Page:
National Velvet (MGM 1944), exterior of the small town of Sewels in Sussex, England in the late 1920s
39'-0” x 32'-0"
Urie McCleary, Production Designer
Cedric Gibbons, Art Director
George Gibson, Scenic Art Supervisor
Scenic Art Attributed to: George Gibson, Ben Carré, Clark Provins, Art Rider, Al Londraville, Duncan Spencer, John H. Coakely, Bill Jekel, Bob Oberbeck
Our exhibition features two backdrops from MGM's classic and beloved film, National Velvet, which made twelve-year-old Elizabeth Taylor a star. The first backdrop is set in the small town of Sewels in Sussex, England, this scene occurs outside the Brown family residence. This backing offered a sense of place, distance, and depth and was among hundreds of backdrops from the MGM asset inventory repurposed in other films, also used in MGM's The Seventh Cross 1944.
Our second backdrop features a romantic snow covered village
This backdrop, selected for our UT collection for its exquisite use of color, exemplifies MGM's master colorist work, Art Glover Rider. An established Plein air oil painter and painting companion to Spanish artist Joaquin Sorolla, Rider is said to have, at times, pushed the use of color in the MGM backdrops to the extreme, where backings evolved from photo-realistic to romantic expressions. Note the violets in the snow's shadows, the pinks, the blues, and the color transitions across the buildings.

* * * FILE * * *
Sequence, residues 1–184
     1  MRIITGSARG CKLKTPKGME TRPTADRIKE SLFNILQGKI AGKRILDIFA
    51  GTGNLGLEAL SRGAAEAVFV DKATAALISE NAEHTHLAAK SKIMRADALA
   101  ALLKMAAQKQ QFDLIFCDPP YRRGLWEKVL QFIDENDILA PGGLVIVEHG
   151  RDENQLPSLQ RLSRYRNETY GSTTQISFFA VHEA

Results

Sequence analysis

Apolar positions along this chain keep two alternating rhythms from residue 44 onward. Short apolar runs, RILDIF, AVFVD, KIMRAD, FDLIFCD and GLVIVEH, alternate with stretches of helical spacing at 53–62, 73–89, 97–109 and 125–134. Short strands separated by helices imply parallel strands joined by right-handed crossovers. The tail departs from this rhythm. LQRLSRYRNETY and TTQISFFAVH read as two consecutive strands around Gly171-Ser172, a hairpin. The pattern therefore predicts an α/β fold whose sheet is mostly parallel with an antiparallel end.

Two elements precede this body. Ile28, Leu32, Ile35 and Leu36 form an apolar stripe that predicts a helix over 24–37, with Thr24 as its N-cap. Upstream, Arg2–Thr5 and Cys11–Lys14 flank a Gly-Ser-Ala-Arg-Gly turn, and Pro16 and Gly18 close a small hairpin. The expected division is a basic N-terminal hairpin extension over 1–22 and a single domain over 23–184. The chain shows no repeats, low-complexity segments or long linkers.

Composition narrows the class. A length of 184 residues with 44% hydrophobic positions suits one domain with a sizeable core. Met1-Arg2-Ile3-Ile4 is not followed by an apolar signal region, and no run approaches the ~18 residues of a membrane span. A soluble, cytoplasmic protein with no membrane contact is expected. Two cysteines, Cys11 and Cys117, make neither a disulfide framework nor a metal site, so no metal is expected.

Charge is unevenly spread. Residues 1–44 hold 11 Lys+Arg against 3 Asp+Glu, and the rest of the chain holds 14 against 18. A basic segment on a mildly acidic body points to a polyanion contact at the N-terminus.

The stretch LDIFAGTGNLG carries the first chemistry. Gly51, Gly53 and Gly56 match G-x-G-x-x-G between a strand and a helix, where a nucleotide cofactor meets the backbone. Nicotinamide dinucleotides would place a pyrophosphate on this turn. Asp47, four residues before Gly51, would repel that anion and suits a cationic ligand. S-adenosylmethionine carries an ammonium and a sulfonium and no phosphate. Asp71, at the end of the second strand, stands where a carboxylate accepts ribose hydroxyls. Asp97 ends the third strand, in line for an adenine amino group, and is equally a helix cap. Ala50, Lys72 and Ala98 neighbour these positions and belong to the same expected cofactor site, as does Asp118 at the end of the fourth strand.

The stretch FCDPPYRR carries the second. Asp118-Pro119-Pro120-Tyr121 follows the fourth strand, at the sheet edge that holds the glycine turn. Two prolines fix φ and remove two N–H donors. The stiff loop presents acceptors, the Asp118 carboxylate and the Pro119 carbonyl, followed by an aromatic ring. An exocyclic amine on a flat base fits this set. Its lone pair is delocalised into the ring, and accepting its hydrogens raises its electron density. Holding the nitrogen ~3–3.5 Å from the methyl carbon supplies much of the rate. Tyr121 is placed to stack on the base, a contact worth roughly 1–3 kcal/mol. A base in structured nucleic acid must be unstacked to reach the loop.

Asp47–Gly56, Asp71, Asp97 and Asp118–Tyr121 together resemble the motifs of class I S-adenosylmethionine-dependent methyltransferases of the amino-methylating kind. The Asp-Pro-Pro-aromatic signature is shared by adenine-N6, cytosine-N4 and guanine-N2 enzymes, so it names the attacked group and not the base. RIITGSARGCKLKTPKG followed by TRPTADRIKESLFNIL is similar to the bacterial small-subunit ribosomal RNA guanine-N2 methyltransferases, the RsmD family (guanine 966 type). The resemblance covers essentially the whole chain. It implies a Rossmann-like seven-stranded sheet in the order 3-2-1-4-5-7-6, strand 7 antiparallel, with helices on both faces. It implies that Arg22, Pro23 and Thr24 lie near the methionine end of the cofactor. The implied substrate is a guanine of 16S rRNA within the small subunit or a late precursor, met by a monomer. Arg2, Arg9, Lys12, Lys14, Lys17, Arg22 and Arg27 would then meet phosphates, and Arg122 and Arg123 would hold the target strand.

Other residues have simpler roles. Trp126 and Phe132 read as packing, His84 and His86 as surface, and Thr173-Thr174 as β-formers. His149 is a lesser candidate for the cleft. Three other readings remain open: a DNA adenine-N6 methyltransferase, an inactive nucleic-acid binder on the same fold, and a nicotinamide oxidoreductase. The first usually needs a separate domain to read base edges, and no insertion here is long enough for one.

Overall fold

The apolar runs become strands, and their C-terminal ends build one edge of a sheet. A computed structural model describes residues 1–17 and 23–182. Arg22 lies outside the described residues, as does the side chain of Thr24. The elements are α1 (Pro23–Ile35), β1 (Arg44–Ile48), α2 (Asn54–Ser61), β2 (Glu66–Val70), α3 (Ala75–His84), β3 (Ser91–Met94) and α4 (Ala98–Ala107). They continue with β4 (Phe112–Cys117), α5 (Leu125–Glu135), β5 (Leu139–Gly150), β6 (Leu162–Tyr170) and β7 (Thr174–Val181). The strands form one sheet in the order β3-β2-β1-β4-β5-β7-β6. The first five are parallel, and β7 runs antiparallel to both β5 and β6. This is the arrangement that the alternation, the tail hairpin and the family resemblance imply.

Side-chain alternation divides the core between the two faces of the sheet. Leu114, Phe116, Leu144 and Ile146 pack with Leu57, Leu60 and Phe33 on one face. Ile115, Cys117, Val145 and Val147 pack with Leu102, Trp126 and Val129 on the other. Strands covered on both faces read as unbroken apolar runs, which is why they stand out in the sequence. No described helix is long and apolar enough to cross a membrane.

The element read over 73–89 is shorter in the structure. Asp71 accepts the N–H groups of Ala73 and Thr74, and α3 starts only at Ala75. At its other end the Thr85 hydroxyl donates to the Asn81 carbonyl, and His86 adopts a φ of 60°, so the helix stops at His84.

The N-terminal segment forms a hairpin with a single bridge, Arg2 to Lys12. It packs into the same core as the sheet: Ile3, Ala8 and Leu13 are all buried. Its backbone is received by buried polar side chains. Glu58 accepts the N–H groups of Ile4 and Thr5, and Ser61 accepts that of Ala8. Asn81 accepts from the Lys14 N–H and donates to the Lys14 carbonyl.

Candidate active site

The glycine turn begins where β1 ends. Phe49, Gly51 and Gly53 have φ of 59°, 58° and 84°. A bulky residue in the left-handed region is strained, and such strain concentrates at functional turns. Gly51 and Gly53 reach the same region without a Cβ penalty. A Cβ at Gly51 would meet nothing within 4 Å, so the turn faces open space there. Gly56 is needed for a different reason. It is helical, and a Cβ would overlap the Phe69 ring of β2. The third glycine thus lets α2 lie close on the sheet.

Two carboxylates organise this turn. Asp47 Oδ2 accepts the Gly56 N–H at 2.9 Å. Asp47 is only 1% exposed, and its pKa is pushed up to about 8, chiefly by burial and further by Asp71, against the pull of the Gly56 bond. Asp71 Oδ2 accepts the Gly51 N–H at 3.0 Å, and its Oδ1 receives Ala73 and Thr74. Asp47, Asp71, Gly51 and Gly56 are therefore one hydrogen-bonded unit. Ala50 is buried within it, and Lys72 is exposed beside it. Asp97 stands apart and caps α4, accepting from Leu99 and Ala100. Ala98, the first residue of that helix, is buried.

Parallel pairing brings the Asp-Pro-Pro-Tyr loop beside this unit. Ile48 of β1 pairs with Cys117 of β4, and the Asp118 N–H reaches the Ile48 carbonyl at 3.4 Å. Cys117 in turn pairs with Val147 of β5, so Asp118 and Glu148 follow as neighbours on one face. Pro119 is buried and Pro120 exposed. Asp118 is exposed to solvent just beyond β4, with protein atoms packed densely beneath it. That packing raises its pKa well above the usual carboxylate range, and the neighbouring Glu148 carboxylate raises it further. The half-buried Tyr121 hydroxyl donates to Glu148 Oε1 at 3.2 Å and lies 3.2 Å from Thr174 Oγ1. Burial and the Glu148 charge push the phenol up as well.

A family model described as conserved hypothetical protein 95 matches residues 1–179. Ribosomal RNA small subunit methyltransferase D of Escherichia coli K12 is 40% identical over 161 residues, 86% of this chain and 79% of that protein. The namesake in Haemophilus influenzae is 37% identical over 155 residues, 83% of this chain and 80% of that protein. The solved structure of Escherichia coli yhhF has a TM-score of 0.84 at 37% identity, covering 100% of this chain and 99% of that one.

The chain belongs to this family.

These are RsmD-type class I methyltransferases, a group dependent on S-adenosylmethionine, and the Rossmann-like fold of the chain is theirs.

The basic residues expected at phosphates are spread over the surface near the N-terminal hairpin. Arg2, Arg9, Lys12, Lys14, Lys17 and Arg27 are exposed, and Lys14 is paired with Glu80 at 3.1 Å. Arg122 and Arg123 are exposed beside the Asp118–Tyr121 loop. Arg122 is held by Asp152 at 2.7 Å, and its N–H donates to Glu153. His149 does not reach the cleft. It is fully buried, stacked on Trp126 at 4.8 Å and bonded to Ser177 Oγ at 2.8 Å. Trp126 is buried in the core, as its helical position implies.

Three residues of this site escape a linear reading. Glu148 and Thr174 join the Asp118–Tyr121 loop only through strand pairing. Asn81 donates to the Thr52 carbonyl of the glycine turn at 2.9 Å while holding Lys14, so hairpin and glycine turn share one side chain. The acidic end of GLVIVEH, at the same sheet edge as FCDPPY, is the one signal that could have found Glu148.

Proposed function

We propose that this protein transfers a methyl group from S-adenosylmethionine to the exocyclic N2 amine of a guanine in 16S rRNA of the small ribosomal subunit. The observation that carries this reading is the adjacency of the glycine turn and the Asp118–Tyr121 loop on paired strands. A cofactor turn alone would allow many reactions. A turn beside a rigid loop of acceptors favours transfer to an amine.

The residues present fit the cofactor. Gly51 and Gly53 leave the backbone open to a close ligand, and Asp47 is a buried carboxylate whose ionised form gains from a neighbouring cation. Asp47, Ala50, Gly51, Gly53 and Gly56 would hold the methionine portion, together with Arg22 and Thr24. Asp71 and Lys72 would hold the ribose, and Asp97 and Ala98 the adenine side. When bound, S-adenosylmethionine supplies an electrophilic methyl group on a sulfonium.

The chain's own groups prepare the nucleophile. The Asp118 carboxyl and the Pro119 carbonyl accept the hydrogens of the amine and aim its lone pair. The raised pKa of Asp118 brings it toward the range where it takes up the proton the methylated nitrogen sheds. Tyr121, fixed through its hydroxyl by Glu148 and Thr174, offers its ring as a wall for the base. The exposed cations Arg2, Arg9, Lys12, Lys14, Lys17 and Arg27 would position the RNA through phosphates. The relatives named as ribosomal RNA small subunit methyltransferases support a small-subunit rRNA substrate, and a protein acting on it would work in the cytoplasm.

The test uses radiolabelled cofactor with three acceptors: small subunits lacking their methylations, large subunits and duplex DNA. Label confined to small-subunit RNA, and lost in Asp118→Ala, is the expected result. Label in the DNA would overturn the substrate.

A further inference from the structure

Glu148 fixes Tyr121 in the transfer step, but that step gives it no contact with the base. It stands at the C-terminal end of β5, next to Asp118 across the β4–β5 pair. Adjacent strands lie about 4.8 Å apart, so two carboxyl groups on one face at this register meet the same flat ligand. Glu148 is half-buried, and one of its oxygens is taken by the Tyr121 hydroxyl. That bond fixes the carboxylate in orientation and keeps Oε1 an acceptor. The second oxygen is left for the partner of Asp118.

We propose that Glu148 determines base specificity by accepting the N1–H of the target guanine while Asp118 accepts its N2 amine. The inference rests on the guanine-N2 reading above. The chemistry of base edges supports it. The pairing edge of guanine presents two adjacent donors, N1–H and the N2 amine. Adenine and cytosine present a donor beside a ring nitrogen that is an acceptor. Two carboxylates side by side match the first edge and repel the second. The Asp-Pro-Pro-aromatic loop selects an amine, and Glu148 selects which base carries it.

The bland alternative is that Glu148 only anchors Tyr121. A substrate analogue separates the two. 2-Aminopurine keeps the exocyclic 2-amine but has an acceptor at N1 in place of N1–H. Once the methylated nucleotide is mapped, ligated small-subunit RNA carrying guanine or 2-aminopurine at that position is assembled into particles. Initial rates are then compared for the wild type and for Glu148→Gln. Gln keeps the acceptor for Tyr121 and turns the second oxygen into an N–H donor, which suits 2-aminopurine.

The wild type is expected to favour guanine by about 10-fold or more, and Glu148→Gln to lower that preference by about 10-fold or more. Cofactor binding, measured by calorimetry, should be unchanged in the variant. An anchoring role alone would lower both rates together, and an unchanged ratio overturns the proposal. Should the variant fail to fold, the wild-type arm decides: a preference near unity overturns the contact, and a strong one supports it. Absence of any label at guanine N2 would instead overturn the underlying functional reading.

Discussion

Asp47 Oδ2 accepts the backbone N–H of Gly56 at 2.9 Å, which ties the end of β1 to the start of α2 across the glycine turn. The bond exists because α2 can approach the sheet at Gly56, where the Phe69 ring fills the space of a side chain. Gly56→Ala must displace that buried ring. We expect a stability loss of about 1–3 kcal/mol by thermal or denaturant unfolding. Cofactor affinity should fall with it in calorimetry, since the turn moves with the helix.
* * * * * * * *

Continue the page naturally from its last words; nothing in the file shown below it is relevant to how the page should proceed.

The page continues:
Scenic Art attributed to MGM Scenic Art Supervisor George Gibson.
From 1938-1968 George Gibson led the MGM Scenic Art Studio.
Gibson "created at MGM what was arguably the finest scene-painting studio in America. He convinced the studio heads to construct a new scenic building where all of the backings could be painted centrally on movable paint frames rather than on the fixed scaffolding of the various soundstages. Gibson hired and trained a new generation of artists such as Duncan Spencer, John Harold Coakley, Wayne Hill, and Leo Atkinson. He constructed a department from the ground up and looked for young art majors coming out of universities and art schools. Gibson encouraged these artists to continue their study of painting outside of the scenic studio, as he continued to work as a watercolorist." Isackes and Maness- The Art of the Hollywood Backdrop, Regan Arts 2016